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Yearbooks of the Old Settlers Association of Yankton County, 1944-1958 (Yankton, South Dakota: Old Settlers Association of Yankton County, 1958); private collection of Melanie Frick.

My copy, once in the possession of an aunt, was not bound professionally, and I’m unsure whether all of the yearbooks are included. However, the stories within are rich with detail. Many of the settlers recount their experiences as immigrants, the establishment of their homesteads, and their survival of the deadly blizzard of 1888, as did Christine (Schmidt) Nelson of Yankton County, South Dakota.

She shared her recollections with her daughter, who wrote, “As an old settler of Yankton county she has many memories of the early years in her community. She recalls the old Indian trail which brought Indian traders to the home of her parents, Mr. and Mrs. Jens Smith, early settlers of Bon Homme county. On the old stage trail between Springfield, Fort Randall and Sioux City, the Smith farm was used as a place to change horses for the carrying of the mail.”2

Of the aforementioned blizzard, it was said, “Mrs. Nelson attended the Breezy Hill school and recalls the blizzard of 1888 when her only brother, Mads Smith, spent the night in the schoolhouse. The next morning after the storm, the sun was shining brightly and the family were overjoyed to see the young boy walking over the sparkling hard drifts after his night’s vigil.”3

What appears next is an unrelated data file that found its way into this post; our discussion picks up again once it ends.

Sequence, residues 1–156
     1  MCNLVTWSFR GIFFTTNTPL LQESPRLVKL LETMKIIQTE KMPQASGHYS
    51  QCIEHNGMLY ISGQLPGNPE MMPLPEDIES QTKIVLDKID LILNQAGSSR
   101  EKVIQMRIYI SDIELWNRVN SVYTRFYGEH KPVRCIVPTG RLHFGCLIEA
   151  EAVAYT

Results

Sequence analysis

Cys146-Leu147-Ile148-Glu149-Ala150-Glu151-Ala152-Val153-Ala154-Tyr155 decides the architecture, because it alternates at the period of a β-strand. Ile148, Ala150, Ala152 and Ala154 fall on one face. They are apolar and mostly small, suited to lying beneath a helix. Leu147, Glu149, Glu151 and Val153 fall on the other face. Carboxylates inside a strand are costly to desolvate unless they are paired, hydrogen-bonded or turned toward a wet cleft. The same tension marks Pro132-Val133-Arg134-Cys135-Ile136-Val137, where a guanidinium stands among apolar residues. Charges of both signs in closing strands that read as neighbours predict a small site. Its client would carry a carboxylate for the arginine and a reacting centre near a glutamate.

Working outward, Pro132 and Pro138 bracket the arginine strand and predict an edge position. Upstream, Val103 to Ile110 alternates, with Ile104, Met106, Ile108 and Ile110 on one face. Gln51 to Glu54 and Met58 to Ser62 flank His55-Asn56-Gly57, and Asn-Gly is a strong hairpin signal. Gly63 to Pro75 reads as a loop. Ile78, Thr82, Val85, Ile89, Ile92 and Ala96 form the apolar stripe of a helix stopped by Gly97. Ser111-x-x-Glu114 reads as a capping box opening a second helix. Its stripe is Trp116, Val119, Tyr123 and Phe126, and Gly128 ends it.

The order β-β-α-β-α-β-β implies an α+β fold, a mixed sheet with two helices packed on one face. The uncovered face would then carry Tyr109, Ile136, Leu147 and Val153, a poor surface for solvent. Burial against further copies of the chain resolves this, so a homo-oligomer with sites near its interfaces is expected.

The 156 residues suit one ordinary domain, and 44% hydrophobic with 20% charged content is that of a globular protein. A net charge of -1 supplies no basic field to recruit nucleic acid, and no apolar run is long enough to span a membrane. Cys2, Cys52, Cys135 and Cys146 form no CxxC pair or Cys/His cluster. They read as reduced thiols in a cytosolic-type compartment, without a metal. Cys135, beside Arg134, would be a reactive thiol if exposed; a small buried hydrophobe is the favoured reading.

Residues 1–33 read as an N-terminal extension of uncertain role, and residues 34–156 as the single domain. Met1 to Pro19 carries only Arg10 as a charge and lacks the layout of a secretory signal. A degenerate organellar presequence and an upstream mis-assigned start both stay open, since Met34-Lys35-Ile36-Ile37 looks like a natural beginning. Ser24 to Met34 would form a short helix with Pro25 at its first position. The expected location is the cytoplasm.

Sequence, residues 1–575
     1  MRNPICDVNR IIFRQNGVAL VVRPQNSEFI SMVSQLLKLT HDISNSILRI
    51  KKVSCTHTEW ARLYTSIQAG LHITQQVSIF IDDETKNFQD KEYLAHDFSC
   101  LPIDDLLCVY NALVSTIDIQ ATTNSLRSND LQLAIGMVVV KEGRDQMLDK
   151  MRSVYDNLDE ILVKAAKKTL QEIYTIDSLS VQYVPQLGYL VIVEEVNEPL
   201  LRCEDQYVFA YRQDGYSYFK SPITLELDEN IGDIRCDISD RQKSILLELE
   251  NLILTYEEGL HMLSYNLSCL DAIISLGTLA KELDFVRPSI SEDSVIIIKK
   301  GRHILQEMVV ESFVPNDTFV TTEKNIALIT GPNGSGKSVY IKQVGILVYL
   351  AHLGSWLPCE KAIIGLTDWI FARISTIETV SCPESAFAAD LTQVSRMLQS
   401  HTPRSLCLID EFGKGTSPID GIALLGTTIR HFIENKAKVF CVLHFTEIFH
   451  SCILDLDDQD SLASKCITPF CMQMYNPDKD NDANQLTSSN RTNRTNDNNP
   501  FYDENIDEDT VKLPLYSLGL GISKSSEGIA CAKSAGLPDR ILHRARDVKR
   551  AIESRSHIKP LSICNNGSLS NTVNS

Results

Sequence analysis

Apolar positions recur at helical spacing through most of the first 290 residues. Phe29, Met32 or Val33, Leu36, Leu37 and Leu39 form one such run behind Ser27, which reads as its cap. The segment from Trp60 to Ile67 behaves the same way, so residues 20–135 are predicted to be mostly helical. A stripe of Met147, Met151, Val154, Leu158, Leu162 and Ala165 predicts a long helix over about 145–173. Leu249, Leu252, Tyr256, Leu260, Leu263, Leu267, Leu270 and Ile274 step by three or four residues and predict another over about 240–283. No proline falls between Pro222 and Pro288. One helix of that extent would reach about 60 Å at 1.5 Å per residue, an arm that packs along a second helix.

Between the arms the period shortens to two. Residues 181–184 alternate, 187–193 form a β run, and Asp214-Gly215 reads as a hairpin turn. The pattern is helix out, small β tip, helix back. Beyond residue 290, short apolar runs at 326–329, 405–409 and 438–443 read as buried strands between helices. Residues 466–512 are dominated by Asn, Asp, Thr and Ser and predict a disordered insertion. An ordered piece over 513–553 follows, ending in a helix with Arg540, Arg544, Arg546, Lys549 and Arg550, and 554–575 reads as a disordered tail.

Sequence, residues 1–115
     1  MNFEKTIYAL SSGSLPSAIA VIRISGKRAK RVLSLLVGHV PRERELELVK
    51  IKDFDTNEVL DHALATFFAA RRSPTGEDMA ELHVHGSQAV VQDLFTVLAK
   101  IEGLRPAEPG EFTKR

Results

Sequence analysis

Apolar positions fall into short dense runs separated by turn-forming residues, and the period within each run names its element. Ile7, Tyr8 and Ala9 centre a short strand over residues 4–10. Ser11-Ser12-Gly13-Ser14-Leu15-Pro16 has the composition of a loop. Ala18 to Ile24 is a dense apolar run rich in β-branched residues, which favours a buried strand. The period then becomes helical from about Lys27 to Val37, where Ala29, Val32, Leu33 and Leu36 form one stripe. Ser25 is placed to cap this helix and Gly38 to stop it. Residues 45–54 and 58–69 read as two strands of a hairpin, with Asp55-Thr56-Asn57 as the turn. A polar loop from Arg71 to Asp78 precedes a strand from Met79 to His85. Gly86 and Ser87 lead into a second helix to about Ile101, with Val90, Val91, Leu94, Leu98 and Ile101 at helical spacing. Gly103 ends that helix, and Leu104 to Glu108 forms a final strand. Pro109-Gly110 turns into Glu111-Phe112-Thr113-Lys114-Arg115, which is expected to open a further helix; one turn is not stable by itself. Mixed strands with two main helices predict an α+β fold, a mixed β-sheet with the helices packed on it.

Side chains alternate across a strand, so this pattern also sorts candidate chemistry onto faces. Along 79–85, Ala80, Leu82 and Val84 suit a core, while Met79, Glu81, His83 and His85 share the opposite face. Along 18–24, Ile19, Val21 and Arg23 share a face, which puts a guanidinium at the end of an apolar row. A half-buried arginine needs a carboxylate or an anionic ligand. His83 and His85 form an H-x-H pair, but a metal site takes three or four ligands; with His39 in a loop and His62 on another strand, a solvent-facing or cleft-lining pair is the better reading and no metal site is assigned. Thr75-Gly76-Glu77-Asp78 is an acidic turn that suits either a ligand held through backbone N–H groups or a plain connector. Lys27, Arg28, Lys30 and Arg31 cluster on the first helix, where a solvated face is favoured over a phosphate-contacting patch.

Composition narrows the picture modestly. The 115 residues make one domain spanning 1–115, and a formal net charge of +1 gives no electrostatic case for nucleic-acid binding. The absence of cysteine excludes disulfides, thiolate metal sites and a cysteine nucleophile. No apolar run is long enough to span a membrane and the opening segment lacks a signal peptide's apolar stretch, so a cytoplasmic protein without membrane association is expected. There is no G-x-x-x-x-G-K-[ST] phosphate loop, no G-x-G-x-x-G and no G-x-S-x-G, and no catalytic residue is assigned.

The brief autobiography concludes, in part, “Mrs. Nelson is well-known by her many friends and relatives as a person who always has a warm welcome hand extended to all those who call at her home. Even today, at the age of 85, she is active with her household duties and retains an active interest in what is going on about her. She is cordial and sympathetic with the many young people who come her way. She is truly one of Dakota’s pioneer mothers who still looks ahead and enjoys her home and family.”4

As with A Yearbook from the Southern State Normal School, Springfield, South Dakota, 1916, copies of the compiled Yearbooks of the Old Settlers Association of Yankton County, 1944-1958 are likely not widely available to most researchers. Although my copy may not be complete, I would like to offer look-ups to anyone seeking information about the individuals named below as featured settlers: